The “rushed” implementation of England's national pharmacy flu service could increase GPs’ workload, the British Medical Association (BMA) has warned.
PSNC announced the scheme two months before its planned September launch, and BMA GP committee chair Chaand Nagpaul told C+D it is “never a good idea to implement a national scheme with a few weeks' notice”.
NHS England revealed last month that it had not been able to implement a national IT service for pharmacists to update GPs about vaccinated patients in time for winter, and Dr Nagpaul said a “fragmented” IT approach could cause confusion about which patients have been targeted.
The scheme should have been “thought through” before it was announced, with a national IT system put in place to ensure the two professions could coordinate their vaccination strategies, he said at NHS England’s Health and Care conference in Manchester last week (September 3).
Using "parallel" IT systems will create further bureaucracy unless they are able to correctly record which patients have been vaccinated, he stressed. "We need to make sure we are true to the principles of population coverage and have systems in place to target the right patients," he said.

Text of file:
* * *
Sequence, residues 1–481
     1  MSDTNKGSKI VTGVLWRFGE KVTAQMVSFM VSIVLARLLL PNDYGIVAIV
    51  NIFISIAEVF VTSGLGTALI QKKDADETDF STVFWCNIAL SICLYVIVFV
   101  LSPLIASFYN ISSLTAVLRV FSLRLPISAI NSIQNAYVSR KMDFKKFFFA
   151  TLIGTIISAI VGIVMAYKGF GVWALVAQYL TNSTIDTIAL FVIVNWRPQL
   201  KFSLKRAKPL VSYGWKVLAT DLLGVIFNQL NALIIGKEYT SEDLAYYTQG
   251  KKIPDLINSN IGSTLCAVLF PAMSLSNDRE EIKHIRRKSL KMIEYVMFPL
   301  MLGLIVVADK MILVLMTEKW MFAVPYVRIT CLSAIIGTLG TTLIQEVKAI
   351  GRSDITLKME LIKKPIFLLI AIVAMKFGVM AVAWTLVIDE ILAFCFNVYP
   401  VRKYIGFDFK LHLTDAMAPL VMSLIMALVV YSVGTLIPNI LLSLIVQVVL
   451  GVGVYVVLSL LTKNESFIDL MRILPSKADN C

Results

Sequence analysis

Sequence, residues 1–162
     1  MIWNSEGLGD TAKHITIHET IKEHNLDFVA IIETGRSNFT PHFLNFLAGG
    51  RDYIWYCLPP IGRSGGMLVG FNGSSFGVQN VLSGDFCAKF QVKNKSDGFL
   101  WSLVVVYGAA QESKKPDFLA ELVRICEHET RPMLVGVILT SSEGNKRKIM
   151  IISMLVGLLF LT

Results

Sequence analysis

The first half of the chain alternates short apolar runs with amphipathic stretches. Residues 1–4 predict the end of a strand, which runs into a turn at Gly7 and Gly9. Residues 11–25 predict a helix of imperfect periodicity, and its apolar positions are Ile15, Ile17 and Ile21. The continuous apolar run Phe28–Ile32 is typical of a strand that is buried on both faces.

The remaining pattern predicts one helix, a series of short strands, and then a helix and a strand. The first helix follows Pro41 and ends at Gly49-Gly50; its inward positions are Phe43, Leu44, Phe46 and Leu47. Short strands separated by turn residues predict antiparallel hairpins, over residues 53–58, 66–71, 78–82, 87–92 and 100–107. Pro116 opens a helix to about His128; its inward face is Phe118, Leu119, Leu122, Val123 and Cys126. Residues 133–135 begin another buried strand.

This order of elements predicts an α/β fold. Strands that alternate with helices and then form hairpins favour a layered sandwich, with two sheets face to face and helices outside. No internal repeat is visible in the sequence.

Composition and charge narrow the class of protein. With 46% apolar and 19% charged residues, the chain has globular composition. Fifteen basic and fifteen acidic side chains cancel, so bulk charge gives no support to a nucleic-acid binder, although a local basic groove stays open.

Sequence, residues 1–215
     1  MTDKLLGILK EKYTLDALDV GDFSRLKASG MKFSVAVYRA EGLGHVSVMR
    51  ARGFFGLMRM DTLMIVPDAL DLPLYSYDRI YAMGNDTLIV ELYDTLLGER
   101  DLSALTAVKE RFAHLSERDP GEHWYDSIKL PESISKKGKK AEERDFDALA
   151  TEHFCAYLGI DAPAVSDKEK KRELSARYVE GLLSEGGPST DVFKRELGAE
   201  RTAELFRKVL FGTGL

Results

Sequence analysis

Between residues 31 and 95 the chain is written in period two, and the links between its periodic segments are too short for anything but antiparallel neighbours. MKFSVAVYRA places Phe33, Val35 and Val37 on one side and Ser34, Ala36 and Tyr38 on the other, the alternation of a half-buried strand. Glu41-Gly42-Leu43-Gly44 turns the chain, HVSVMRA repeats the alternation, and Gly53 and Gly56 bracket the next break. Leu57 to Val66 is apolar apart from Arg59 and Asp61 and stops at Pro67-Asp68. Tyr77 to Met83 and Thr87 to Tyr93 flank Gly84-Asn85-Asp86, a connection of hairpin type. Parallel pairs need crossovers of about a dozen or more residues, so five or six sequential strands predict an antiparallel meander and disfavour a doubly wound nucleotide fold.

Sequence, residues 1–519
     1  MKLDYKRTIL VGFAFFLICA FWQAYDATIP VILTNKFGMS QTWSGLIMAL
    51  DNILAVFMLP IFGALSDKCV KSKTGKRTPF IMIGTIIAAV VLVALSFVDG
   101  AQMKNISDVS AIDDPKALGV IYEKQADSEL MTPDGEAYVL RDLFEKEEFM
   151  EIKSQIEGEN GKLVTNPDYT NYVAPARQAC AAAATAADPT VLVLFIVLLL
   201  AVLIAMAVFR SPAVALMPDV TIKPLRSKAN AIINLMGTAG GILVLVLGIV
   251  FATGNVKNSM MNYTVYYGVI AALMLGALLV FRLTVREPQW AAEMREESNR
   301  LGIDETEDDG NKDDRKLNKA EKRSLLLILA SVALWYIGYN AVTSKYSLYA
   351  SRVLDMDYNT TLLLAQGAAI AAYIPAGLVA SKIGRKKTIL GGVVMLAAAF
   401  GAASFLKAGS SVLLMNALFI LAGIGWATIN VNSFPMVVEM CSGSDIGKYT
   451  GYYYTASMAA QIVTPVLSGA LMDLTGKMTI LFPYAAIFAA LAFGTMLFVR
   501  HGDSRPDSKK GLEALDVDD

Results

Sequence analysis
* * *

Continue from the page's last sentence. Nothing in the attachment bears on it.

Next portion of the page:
“Without the [national] IT, it could be a case of GPs sending reminders to patients [who have already been vaccinated] and that could add a lot to the workload,” Dr Nagpaul said. “If we are to see co-operation between GPs and pharmacies, we must have the technology.”
GPs had “geared themselves” to vaccinate most of the population and ordered their vaccinations based on last year’s vaccination rates, Dr Nagpaul said. They had only found out about the national pharmacy scheme “at the last minute”, he added.
PSNC told C+D today (September 8) that it still hopes NHS England will publish the full details of the flu service – including the service specification, the GP notification forms and details of how contractors will be paid – "very soon".
Local pharmaceutical committees told C+D last week that they are intending to use existing IT service PharmaOutcomes to implement the flu service, because resorting to a paper-based system would be a “nightmare”.